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The Memoirs of Lois Clarinda Twichell - Blackwell

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The following summer I went west early in July to a meeting of the Brethren at Moose Jaw, then on to Calgary and spent a few days with my Mary and her family there. In the spring, Avon had joined the ranks of the soldiers and went overseas. It was hard for dear Mary thus to see her sons going off to the terrible war. About the end of July, I went on to Kamloops, B.C. where Milton met me and I spent the months of August with his family and spent a very interesting time with them. Towards the end of the month, I left for Laura’s home a Canim Lake going by railway to Ashcroft, a couple of hours on the train, then by auto to the 100 Mile House on the Cariboo Road. Leaving that road for a newer and lower trail for 24 miles through a more or less sparsely timbered and settled country to the head of Canim Lake, where lived Lester McNeil and his wife and children, a girl of 12 and a boy of 7. They kept the Post Office and have a large ranch with accommodation for travelers. We passed but 4 houses and a schoolhouse on our way. The children were out for recess. I might say here that we left Ashcroft about 4 p.m. and reached the 70 Mile House about dark. The road had wound around the mountains on an upgrade to Clinton, about 35 miles. Clinton was a new and growing village and the railroad was running there from New Westminster. The houses or stopping places along the Cariboo Road are numbered according to their distance from the C.P.R. railroad. The 70 Mile House was a comfortable stopping place for the automobile, express train, and other travelers. A man and his wife and 4 or 5 children lived there. I did not see any neighbors but was told there were 4 or 5 scattered families and a school about two miles distance.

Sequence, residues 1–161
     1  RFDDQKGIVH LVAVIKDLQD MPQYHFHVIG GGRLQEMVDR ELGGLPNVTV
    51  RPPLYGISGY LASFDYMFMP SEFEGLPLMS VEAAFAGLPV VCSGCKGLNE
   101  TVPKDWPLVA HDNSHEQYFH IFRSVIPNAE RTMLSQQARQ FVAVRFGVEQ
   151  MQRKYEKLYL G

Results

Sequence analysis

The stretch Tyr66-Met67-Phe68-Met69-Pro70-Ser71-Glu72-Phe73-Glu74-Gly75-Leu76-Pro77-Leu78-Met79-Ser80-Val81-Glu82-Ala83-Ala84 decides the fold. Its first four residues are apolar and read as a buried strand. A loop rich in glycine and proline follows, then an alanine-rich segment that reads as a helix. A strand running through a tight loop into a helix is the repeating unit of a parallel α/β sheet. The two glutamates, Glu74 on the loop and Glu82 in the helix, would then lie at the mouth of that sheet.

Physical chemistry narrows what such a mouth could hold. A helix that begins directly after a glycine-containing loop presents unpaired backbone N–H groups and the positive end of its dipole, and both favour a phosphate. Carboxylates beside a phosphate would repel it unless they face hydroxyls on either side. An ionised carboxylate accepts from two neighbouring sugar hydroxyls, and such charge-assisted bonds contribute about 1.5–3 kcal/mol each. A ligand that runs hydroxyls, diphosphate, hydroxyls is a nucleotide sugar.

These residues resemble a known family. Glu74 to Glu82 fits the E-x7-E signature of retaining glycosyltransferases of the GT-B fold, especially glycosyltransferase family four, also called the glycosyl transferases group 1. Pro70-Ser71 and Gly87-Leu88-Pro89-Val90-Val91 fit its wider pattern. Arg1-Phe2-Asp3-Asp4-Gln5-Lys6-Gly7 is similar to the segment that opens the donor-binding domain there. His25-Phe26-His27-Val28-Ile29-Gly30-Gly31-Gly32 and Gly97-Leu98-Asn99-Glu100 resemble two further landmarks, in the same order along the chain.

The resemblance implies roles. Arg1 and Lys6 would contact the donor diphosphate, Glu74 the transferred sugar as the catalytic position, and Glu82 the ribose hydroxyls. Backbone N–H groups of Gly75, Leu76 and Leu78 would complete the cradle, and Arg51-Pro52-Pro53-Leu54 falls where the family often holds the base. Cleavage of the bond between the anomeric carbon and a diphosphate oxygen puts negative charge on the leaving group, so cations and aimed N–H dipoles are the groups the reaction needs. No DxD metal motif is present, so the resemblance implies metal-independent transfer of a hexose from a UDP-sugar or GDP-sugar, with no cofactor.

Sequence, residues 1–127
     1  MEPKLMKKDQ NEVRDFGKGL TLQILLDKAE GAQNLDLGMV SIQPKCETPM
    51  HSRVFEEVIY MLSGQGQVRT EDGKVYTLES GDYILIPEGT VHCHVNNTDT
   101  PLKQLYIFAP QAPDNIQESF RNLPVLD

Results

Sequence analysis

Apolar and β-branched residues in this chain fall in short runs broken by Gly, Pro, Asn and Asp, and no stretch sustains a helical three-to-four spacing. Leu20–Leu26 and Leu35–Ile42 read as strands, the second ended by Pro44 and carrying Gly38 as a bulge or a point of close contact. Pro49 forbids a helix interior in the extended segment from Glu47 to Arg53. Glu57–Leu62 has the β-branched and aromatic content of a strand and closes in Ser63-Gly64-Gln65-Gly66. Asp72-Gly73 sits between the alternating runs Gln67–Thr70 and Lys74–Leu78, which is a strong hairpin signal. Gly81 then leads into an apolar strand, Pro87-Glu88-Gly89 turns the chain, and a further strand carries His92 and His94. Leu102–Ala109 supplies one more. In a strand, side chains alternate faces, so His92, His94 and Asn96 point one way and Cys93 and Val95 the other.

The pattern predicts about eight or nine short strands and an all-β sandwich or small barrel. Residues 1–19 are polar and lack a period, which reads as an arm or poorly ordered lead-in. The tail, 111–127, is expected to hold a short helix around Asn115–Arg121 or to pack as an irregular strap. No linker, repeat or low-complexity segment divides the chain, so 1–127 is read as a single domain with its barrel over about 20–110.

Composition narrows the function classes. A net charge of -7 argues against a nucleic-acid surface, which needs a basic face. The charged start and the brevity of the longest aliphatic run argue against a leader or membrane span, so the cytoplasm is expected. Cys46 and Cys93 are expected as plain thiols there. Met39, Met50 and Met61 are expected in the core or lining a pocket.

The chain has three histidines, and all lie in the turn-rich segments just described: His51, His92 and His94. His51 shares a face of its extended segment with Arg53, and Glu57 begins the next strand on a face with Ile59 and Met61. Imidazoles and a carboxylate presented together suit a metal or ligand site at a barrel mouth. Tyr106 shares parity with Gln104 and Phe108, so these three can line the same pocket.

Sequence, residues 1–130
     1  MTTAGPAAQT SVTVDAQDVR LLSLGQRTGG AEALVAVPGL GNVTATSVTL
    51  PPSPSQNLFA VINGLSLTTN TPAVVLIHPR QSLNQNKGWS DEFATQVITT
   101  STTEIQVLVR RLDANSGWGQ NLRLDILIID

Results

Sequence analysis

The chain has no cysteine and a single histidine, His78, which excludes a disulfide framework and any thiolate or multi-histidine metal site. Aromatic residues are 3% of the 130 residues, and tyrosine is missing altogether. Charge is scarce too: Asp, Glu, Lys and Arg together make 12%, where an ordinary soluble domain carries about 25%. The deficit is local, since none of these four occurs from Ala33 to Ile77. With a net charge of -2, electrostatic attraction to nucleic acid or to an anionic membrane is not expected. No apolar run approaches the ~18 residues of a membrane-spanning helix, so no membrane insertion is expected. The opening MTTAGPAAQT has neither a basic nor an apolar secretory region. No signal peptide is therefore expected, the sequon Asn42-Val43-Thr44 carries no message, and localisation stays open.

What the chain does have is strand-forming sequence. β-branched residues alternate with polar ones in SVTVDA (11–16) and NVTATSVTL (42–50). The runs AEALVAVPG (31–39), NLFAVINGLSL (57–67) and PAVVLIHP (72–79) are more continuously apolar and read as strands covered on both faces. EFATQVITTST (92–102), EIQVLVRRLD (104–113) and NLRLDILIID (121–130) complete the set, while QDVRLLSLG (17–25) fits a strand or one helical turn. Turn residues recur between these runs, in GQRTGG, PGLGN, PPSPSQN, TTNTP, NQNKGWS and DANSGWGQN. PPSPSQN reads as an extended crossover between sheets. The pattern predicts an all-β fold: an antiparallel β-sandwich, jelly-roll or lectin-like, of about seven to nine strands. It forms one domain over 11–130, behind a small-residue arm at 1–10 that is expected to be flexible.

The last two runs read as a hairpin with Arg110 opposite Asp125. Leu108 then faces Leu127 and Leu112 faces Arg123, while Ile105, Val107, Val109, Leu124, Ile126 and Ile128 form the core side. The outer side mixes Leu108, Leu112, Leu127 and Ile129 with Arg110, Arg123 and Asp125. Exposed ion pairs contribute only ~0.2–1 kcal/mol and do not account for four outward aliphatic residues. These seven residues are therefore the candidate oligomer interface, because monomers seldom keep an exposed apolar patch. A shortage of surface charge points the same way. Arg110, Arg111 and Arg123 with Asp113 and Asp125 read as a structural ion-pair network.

The next morning, after a comfortable night and a good breakfast, we started again. The road was less mountainous and we reached a height of land at about the 80 Mile House. The weather was fine and the road good. It was a government road and kept in good condition as was necessary, otherwise it would have been dangerous in many places. In good weather the journey was a pleasant one over what was to me a new and unknown country. After leaving the 80 Mile House the road became more level, more like the prairie and after we left the Cariboo Road there was less hilly country. We passed an Indian village at Rancherree as it was called there and saw a number of log houses occupied by Indians. There was also a Catholic Church and the Priest’s house where he stays when he makes his annual call.